Discussion in 'Chinese Martial Arts - General' started by Xue Sheng, Nov 1, 2017.
Hurt my wrist - blog post
Sounds like wrist tendonitis which takes a long time to heal. I would advise taking some time off and doing forward-and-back wrist curls with low weight (5-10 lb) dumbbells and high reps a few times daily to gain strength back in that wrist before you start punching or (especially) doing palm strikes again.
I'd also recommend keeping at it once you're back to punching again and slowly increasing the weight.
One other thing: when you're doing palm strikes, is your wrist all the way flexed before you make contact?
Only hurt my wrist using the boxing gloves, had not hurt my wrist ever before in the over 40 years I have been hitting stuff; heavy bag, wall, strike pads, trees, etc.. Also had never used boxing gloves in the over 40 years I had been hitting stuff either.
It was one hit and a sharp pain.... no pain doing anything else, unless I but pressure on it with my wrist flexed.
Also getting acupuncture.
Personally, I suspect the extra padding in boxing gloves can cause things to go wonky when you hit a heavy bag. Maybe it’s harder to know if you have your wrist lined up properly. Perhaps that is another reason boxers tape their wrists, for extra support and protection from such an injury that using the gloves can contribute to.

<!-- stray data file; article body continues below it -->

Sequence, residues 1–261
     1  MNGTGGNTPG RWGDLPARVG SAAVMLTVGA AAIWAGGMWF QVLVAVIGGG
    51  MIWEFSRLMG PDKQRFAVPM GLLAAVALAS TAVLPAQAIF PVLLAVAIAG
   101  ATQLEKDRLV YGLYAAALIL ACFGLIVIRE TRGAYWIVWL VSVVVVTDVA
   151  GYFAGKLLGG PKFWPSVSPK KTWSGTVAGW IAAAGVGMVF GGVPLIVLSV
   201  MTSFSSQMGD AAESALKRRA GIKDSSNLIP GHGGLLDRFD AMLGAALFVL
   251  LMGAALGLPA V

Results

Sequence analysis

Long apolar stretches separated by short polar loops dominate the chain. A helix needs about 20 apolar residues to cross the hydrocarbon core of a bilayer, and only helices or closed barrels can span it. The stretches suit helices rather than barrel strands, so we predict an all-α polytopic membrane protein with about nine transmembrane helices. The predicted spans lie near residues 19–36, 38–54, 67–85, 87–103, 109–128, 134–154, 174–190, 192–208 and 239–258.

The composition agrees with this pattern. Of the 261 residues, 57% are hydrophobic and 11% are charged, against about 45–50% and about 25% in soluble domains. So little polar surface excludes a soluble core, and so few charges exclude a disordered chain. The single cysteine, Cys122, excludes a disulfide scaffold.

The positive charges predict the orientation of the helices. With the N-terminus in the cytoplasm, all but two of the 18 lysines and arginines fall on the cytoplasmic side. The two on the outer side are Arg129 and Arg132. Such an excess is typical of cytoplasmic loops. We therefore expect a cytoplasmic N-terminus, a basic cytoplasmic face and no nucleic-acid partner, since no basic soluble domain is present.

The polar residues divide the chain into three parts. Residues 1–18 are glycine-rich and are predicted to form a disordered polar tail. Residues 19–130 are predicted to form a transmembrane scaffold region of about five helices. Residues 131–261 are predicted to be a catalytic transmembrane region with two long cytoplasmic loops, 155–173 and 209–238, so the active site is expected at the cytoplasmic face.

Don’t use boxing glove without also taping wrists.
Wrist alignment is very important when punching with gloves on. And yes more danger of a bent wrist with gloves than without.
When you hook the bag. dont hit the side. Hit the front a little bit.
7 Injury Prevention Tips When Punching The Heavy Bag
Funny tagline on the text. (not your injury) "How to tell the difference between a Wrist Sprain and a Wrist Fracture." I'm pretty sure there is a huge difference and not one that can easily be confused. Fractures feel like breaks and the first thing that comes to mind is "I think I broke my wrist." lol. Wiki How can be strange WebMD would probably be the better reference guide.